The Impact of Deployment on Navy Families: Mitigators, Mediators, and Moderators of Parenting Stress
Marter, Abigail, Nursing - Graduate School of Arts and Sciences, University of Virginia
Bullock, Linda, School of Nursing, University of Virginia
The current global geopolitical environment has necessitated more frequent, and lengthier, deployments by the U.S. military. Many service members today are married, with or without children, and these deployments affect all members of the military family. A qualitative metasynthesis looked at the military family as a whole, showing the potential for heightened emotional responses for all family members throughout the deployment cycle, and especially in reintegration. The quantitative research study looked at parenting stress in Navy active duty fathers, while concurrently evaluating PTSD, depression, and deployment factors. The results showed that as deployment factors increased, parenting stress increased for fathers in the reintegration period, with a potential mediation effect of depression. This research study also evaluated spirituality and social support in both civilian mothers and active duty fathers who had experienced a recent Navy deployment. The results showed that spirituality and social support mitigated parenting stress: as spirituality and social support scores increased, parenting stress scores decreased significantly for both mothers and fathers. Also, spirituality was found to be a significant moderator of the relationship between deployment factors and parenting stress in Navy fathers. This dissertation research sheds light on the impact of deployment on Navy families, and suggests avenues for intervention and support with these families.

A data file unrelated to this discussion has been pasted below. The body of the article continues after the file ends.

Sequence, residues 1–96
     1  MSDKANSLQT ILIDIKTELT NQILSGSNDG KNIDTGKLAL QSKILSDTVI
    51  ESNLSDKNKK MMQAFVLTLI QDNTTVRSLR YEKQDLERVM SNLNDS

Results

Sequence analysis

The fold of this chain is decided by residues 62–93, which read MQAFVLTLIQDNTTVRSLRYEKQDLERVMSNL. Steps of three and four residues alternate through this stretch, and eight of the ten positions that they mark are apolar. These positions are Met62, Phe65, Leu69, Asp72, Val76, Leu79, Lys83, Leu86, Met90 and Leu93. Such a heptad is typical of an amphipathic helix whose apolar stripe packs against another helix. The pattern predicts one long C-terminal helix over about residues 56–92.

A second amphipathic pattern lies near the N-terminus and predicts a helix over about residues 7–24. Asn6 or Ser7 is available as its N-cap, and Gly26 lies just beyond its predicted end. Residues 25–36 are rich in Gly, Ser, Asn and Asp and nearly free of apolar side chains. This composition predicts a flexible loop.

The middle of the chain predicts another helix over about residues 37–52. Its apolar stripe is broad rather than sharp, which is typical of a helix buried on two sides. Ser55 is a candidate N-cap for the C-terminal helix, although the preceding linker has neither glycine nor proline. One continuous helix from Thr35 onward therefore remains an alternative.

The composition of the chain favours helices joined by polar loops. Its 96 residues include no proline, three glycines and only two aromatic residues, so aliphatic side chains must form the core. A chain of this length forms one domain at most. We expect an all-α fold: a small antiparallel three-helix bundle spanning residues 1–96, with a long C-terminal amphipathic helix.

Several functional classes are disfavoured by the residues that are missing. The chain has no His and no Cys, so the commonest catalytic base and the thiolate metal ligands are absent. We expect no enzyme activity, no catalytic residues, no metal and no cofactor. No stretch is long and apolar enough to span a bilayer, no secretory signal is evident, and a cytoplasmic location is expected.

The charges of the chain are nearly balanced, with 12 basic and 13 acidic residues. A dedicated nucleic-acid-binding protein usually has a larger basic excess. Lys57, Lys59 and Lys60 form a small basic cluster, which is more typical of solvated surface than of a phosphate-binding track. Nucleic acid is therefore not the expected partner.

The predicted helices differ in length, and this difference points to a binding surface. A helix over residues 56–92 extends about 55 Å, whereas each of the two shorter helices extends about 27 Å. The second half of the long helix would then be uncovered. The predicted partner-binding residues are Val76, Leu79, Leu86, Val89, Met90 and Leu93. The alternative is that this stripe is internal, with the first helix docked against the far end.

PHD (Doctor of Philosophy)
deployment, military, U.S. Navy, family, parenting stress, spirituality, social support, PTSD, depression, active duty fathers
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